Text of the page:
No women’s cricket has been played since the World Twenty20 in March while the 50-over World Cup, due to be staged early next year, has been pushed back to 2022. South Africa were supposed to tour but pulled out last week then the West Indies stepped in this week. There will be five Twenty20 games, all played in a ‘bio-secure bubble’ Derby, starting from September 21.
They will all be shown live on Sky Sports while the third fixture – on Saturday, September 26 – will also be on broadcast on BBC TV, the first time a women’s cricket game has been on free-to-air television since 1993.
Brunt, who has been in a training camp with England at Loughborough for eight weeks, said: “It was annoying that South Africa pulled out because they said they would come. It’s on them and the politics over there. That’s gone now and it’s a miracle for the West Indies to come over here with hardly any preparation.
“That was always the preferred option and we just want to get back into action because it’s been a long wait. It’s really good that one of the games will be on the BBC so more people can watch us play. There was only so much disappointment you can take. We had been let down quite a lot already.”
Later in the autumn, Brunt and her fiancee Natalie Sciver – who also plays for England – are set to play in the Big Bash Twenty20 League in Australia. She said: “It will be a big investment if Cricket Australia can put that on. Myself and Natalie have said that we will go. We will have to fly economy because of cutbacks then we will be quarantined for two weeks and stay in one bubble for the whole tournament. It will be rubbish and we are only going for the money, really.”
The coronavirus crisis has highlighted the gap between men’s and women’s sport, with the former often providing much more money, but Brunt appreciates the work of the ECB this year.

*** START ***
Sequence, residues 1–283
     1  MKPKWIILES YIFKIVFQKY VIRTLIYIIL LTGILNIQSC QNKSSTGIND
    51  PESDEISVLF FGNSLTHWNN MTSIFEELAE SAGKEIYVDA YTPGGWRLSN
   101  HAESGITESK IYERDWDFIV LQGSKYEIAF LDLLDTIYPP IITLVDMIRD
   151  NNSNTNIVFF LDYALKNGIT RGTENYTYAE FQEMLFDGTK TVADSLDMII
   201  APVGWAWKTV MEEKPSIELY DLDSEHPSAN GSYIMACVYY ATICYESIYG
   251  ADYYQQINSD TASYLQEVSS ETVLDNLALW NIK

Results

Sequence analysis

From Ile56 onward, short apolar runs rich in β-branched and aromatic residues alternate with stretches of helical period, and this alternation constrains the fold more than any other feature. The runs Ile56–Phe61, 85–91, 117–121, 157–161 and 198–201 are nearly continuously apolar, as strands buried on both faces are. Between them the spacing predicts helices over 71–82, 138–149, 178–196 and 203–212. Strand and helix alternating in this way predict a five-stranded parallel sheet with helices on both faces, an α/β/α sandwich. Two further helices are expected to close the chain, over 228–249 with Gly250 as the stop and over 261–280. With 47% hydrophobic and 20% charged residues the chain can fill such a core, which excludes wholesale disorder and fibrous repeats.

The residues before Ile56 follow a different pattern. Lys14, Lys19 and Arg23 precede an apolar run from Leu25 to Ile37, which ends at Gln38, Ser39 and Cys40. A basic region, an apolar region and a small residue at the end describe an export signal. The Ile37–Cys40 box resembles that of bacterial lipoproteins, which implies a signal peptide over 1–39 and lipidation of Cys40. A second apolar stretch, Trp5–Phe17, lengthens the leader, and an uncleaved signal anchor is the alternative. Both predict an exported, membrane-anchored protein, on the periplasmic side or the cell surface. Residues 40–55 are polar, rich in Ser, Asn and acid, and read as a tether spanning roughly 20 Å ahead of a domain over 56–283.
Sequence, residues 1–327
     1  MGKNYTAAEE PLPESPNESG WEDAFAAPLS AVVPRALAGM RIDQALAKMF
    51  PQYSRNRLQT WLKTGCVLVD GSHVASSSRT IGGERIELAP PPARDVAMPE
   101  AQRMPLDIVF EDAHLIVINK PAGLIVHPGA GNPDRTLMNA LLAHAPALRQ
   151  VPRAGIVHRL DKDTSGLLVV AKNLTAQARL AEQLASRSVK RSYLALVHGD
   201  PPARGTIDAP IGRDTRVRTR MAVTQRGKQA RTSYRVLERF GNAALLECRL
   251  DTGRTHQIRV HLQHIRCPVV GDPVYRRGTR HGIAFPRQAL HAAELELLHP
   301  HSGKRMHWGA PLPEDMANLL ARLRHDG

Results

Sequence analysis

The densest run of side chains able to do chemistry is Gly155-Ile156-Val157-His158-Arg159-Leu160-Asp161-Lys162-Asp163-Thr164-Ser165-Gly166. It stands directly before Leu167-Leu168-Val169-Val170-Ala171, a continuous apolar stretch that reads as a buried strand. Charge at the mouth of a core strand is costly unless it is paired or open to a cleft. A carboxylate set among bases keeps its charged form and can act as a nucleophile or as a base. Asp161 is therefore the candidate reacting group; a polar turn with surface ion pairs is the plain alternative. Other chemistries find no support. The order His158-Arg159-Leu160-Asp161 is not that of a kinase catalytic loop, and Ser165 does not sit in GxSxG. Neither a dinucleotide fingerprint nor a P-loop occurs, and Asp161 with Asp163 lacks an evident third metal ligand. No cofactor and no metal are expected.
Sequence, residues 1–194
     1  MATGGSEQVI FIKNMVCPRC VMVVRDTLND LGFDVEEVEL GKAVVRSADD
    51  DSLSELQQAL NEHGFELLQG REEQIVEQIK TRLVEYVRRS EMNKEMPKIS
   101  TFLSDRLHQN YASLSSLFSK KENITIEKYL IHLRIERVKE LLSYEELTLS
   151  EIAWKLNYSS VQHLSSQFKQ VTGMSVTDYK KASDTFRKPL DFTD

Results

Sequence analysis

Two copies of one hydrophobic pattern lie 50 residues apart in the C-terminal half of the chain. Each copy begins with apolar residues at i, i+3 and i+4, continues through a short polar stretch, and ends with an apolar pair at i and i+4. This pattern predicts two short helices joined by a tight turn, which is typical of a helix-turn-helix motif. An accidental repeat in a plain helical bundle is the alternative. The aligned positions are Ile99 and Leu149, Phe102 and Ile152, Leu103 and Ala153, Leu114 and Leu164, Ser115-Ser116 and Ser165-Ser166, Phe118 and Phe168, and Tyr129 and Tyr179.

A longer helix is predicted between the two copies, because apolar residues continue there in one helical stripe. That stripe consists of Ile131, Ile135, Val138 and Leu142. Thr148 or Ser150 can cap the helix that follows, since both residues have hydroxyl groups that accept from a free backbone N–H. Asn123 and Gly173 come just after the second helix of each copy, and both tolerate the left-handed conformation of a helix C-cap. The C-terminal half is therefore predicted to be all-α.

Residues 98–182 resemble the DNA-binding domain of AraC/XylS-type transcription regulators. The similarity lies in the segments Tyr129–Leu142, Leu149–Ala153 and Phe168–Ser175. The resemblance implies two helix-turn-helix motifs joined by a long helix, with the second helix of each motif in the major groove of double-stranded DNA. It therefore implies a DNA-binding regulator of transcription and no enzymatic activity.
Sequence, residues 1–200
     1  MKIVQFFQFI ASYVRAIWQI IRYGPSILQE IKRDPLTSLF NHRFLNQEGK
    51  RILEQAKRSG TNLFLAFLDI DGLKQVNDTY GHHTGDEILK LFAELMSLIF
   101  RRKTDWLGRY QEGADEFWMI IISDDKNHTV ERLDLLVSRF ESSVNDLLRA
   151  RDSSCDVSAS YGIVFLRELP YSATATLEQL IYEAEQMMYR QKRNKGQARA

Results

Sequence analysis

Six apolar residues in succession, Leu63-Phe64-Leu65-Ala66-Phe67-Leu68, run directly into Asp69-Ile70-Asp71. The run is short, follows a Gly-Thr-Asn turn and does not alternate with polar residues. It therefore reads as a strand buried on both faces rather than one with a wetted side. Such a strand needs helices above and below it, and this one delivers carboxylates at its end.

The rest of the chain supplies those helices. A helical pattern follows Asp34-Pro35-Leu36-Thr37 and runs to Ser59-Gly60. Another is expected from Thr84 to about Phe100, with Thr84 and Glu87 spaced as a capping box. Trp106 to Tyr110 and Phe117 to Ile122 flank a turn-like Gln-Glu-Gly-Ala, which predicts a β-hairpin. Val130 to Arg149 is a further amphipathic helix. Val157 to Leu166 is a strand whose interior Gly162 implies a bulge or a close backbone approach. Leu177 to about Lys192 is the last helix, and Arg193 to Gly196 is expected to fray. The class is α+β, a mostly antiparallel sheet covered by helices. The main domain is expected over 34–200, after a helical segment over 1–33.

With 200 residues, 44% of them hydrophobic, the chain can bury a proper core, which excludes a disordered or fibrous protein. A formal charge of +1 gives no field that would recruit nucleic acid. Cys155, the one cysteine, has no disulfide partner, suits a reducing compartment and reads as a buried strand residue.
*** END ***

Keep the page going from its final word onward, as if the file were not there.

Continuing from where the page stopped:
“There is some inequality because women don’t bring in the big money and the boards need to prioritise that, but it seems as though the ECB are trying everything they can to give us some games. They are spending about half a million pounds on chartering flights, getting hotels and putting our games on – that is immense. It’s way more than we ever expected. For me, the problem is with the governing bodies of the other countries who aren’t prepared to let their teams play.”
Brunt, who turned 35 this summer, has played 217 games for England in a 16-year career which has seen her take 274 wickets. She admits she has considered retiring but is tempted to continue until 2022 when the 50-over and 20-over World Cups are scheduled as well as an Ashes series and the Commonwealth Games in Birmingham in which England are set to field a team.
She said: “I am in limbo. I am ready to retire and, if I had to retire tomorrow, I will be happy with that. I don’t have a purpose anymore because there aren’t any big competitions in the next year.
“During Covid, I have had a taste of what retirement could be like and I really enjoyed it. Cricket feels more like work now which it never really did before. My plan is to play against the West Indies and in the Big Bash then have a good Christmas at home and have a good think in the New Year. My body feels great one minute then really bad the next so it is hard to know what to do.
“There is no major cricket in the next year so it would be silly to make a definite decision until we get closer to 2022 when it sounds like they are trying to kill us with the schedule of two World Cups, and Ashes series and the Commonwealth Games. It’s a really strange time and hard to find the motivation. A lot of us were focusing on the World Cup but that has gone now. Everything is up in the air.”